by Tracy Brown, RD

Thanksgiving can be a stressful time for everyone. As much as we love getting together for the holiday, the combination of family members, friends and food can trigger anxiety and stress. If you have a child who is currently being treated for anorexia, then it is likely that this particular holiday is causing you even more stress than usual.

Here are some ideas to help you prepare for this food-centered holiday with your child who has anorexia:

Plan Ahead

Plan ahead as much as possible to make sure that your child is able to peacefully eat all meals and snacks during Thanksgiving. If you are going elsewhere for the meal, ask the host for the meal plan, including what will be served and when, so that you can make the necessary arrangements.

Emotional Regulation Worksheets

Give your child the best tools to grow more confident, calm and resilient so they can feel better, fast!

  • Self-Esteem
  • Self-Regulation
  • Mindfulness
  • Calming strategies

Don’t “Save Up”

Stick to the meal plan rather than thinking that your child can “save up” for a big feast. Saving up food for a bigger meal puts a lot of pressure on that meal and the child may not be ready for a very large meal.

Look Beyond the Food

We don’t have to make the food the star of Thanksgiving. In fact, Thanksgiving can be a great opportunity to remember that no food is “good” or “bad.” That food is healthy and natural when it’s treated with respect.

Talk to Guests if Possible

If at all possible, speak to anyone who will be at Thanksgiving dinner about your child’s eating disorder in advance. Ask them to please refrain from diet talk that often comes from people knowing that they are going to be eating a big meal. These comments are totally normal in our society, unfortunately diet talk is seen as normal conversation ” but is toxic for most people, especially those in recovery.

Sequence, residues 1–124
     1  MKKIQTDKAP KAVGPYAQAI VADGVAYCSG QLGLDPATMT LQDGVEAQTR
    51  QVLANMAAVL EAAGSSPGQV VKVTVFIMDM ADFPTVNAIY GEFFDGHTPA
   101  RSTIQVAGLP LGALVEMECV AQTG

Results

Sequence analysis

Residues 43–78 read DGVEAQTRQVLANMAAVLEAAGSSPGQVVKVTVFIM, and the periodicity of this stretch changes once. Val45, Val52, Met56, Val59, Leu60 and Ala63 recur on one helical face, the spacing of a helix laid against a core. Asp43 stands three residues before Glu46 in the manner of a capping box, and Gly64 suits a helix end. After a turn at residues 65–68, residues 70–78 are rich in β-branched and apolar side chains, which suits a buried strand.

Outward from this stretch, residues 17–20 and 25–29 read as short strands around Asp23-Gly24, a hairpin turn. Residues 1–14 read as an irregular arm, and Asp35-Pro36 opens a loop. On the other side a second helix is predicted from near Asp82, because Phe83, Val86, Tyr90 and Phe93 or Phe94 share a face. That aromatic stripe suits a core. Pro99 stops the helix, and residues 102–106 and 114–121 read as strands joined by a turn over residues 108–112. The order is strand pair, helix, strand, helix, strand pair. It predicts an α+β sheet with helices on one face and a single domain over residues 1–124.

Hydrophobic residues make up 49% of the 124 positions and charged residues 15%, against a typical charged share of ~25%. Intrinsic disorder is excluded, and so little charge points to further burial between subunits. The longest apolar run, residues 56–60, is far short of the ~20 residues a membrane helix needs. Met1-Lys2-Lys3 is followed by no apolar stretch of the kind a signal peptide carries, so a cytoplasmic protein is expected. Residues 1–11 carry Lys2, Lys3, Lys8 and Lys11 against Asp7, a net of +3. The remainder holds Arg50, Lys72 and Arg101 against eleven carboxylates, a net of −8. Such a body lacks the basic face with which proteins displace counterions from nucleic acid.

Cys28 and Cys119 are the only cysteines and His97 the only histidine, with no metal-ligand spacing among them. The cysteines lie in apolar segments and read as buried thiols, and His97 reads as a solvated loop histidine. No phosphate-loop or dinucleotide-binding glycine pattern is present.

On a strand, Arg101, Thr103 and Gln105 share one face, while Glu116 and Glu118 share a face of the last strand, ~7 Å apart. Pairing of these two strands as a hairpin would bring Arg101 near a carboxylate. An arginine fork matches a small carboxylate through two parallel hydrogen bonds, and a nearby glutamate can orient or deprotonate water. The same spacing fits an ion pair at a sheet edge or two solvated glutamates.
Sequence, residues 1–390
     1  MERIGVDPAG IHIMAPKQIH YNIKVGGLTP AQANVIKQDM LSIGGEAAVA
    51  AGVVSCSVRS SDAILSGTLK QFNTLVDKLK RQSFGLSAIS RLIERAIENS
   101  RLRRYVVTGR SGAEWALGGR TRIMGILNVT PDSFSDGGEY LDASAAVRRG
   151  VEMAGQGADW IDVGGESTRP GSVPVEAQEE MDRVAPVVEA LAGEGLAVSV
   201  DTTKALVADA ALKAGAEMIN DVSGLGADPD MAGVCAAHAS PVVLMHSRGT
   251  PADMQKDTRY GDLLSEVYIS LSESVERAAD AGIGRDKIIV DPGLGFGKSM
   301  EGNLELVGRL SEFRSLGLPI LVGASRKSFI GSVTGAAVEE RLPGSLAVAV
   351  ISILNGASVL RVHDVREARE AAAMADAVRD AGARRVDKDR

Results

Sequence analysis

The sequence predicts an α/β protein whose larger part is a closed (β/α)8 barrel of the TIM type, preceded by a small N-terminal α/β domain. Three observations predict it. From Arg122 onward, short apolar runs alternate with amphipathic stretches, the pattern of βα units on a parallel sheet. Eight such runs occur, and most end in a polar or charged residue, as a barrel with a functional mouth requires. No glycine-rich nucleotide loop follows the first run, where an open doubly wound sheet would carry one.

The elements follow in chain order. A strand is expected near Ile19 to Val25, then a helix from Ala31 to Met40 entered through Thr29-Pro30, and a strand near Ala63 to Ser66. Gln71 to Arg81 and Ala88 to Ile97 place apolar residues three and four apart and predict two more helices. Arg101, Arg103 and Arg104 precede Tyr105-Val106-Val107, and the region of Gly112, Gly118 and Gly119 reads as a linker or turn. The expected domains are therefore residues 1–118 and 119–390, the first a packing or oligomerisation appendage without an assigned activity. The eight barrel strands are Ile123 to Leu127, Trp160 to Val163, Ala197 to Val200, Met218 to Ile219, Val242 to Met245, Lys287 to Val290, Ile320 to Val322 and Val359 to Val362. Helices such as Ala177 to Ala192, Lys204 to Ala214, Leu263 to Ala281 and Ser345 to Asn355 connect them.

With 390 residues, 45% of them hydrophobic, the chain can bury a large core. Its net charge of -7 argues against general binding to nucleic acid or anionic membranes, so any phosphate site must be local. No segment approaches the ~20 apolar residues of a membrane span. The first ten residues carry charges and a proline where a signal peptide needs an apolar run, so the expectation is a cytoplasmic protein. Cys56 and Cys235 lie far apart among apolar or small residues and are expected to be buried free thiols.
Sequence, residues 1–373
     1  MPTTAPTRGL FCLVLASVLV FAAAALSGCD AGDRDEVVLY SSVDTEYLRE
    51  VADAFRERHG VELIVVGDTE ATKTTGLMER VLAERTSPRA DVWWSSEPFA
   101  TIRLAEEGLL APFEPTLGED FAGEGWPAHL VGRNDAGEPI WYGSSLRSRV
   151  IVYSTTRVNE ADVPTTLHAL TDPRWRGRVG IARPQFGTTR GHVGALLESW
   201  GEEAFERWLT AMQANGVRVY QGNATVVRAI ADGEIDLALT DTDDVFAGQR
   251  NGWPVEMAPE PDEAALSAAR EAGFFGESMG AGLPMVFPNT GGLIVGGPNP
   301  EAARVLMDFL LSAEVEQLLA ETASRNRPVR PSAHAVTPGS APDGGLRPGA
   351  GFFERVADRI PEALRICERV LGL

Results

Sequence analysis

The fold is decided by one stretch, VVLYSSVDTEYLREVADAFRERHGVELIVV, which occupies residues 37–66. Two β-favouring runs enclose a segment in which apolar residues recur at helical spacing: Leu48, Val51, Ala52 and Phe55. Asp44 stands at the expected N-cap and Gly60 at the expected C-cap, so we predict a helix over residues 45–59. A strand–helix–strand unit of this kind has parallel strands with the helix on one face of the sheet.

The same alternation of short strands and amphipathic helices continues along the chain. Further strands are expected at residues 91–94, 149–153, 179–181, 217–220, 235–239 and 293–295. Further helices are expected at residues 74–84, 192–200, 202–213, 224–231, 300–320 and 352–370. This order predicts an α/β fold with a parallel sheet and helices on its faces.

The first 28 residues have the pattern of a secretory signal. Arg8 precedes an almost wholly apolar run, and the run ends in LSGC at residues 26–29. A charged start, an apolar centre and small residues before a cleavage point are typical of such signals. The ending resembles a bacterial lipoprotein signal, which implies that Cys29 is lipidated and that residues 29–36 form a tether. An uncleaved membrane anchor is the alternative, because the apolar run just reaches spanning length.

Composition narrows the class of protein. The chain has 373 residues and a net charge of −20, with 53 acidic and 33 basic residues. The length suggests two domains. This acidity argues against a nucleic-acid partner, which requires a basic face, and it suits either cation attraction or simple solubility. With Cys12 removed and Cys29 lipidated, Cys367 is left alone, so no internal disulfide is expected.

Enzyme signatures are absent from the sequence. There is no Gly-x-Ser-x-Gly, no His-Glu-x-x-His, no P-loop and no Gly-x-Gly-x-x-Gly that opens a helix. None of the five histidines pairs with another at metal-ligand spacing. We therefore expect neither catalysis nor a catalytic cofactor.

Take the Year off if you Need to

If traveling to others’ homes is just too potentially dangerous to your child’s recovery, consider that a big Thanksgiving dinner may not be the best medicine this year. Work with your child’s treatment team to determine how best to address this.

Emotional Regulation Worksheets

Give your child the best tools to grow more confident, calm and resilient so they can feel better, fast!

  • Self-Esteem
  • Self-Regulation
  • Mindfulness
  • Calming strategies

Game Day

Whatever happens, on Thanksgiving Day itself, pay attention to his or her cues of anxiety and distress. Plan for moments away from the crowd in which you can connect with your child and check how he or she is feeling. If anxiety levels get too high, support your child by taking a break together. You can go for a short walk or sit away from everyone else for a little while. Parents can also take charge and change the subject if someone starts a conversation towards diet talk or body bashing; your child will appreciate you going to bat and protecting them.


tracy brown rd eating disorders